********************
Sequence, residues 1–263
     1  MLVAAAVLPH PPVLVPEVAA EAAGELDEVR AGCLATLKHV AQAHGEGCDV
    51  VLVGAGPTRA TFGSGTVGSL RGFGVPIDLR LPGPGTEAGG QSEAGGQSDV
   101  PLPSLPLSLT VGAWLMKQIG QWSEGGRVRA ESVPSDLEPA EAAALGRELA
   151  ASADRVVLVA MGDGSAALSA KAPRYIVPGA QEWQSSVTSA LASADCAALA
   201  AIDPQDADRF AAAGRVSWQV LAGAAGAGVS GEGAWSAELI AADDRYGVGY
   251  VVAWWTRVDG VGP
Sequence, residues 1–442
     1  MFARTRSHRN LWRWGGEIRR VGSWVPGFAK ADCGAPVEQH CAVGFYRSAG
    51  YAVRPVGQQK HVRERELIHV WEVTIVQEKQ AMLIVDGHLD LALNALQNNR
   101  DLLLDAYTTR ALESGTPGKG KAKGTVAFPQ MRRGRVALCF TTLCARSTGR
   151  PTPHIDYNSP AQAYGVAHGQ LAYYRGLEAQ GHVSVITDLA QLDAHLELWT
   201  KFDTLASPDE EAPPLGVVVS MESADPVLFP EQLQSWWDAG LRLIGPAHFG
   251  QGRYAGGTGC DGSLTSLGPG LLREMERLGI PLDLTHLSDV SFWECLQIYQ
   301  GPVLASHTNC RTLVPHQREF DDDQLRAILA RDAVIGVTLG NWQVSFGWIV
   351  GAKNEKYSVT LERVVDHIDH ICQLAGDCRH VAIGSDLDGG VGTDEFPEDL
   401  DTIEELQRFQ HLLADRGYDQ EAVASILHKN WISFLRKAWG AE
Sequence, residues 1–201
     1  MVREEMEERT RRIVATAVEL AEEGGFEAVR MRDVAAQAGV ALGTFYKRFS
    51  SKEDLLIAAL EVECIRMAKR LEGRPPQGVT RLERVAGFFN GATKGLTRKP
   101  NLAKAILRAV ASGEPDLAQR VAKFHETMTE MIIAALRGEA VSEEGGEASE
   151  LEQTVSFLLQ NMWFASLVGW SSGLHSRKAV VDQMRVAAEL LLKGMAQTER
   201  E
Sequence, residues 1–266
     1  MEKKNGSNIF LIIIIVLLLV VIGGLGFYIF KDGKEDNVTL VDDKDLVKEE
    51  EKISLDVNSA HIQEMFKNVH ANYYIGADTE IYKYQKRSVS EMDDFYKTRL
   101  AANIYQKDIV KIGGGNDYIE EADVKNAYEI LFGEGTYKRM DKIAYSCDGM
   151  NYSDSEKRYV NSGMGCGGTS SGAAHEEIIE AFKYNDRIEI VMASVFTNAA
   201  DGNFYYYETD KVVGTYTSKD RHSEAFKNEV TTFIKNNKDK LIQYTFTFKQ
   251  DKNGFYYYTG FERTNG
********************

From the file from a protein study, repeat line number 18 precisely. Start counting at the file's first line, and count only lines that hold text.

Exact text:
Sequence, residues 1–201